Breakdown: Again, who are we actually taxing? The rich or the poor? We have a bag ban in California and businesses still get around it. We still have stores that use plastic bags. Only now instead of giving away a flimsy plastic grocery bag, they charge customers 25-cents for a thicker plastic bag. How? Because they say the thicker plastic makes it reusable.

But no one reuses them.

I mean, some people do, but most people do not.

On the other hand, some stores only offer paper bags and charge customers 0.20 or 0.25-cents to use them. Or you can buy a reusable bag from 0.99-cents to $20.00 depending on the quality. The cheaper ones don’t last and just become landfill trash anyway. But if a customer can’t afford the higher quality one, but still wants to use reusable bags to be more eco-conscious, it’s not fair they are not able to afford something that will last and be truly reusable.

Imagine the plastic bag manufacturer being told that distributing free plastic bags was going to be banned in California. But before he panics, they let them know that instead, they’ll be selling plastic bags and he’ll actually be making even more money.

Solid plan for the environment. Not really.

In summation, it’s not working in California. Can we expect it to work nationally?

Desired Addendum: If customers can’t afford high-quality reusable bags, allow them to be borrowed. A library system of reusable materials that are easily cleaned for to keep hygiene standards high.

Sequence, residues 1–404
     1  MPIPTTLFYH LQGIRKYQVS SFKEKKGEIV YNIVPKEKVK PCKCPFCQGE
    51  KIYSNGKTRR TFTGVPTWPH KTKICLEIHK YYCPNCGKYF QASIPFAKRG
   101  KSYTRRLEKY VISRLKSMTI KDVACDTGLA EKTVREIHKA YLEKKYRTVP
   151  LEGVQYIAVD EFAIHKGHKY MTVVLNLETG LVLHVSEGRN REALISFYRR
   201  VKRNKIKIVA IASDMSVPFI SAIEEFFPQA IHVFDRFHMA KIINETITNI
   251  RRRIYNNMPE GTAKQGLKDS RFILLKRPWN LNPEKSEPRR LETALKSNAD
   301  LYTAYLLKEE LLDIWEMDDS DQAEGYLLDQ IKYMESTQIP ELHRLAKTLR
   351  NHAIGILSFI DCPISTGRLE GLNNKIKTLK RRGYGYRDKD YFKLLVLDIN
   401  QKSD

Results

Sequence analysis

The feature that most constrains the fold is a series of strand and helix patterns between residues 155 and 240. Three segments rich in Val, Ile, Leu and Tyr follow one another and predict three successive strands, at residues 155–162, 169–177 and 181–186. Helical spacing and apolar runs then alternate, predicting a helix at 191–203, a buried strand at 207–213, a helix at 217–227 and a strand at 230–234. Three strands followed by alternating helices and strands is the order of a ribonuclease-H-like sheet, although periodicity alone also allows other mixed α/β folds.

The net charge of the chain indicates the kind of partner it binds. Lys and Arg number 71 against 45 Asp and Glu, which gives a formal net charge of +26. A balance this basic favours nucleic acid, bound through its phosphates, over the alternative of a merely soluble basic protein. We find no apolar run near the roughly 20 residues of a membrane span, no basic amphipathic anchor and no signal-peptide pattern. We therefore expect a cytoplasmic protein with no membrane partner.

Or subsidize reusable materials.

5. Minimum Recycled Content Requirement:

Plastic beverage containers will be required to include an increasing percentage of recycled content in their manufacture before entering the market.  Additionally, the EPA will be required to implement post-consumer minimum recycled content for other covered products after a review with the National Institute of Standards and Technology is completed to determine technical feasibility.  (Source)

This clause states that companies must increase the amount of recycled material into their packaging. How much of an increase? To be determined.

Sure this is a good idea on some levels. Yes, let’s recycle metals endlessly, they’re good for that. But plastic cannot be recycled forever. It will eventually break down. So instead of melting down second-hand plastic and making it into another single-use item, why not make it into something more sustainable that hopefully won’t need to be recycled for a while. Like what? Seriously, your imagination is the limit. Plastic is called plastic because its malleable. It’s, well, plastic… in the truest sense of the original definition. Plastic can be made into houses, vehicles, and countless other things.

Desired Addendum: Why do we keep using post-consumer recycled (PCR) plastic for single-use items when we know their recyclability has an end point? Let’s think more long term.

 

6. Recycling and Composting


The EPA will develop standardized recycling and composting labels for products and receptacles to encourage proper sorting and disposal of items that can be recycled or composted.(Source)

Breakdown: Great. What are your labels going to be made out of though? Hopefully not plastic stickers.

 

7. Plastic Tobacco Filters, Electronic Cigarettes and Derelict Fishing Gear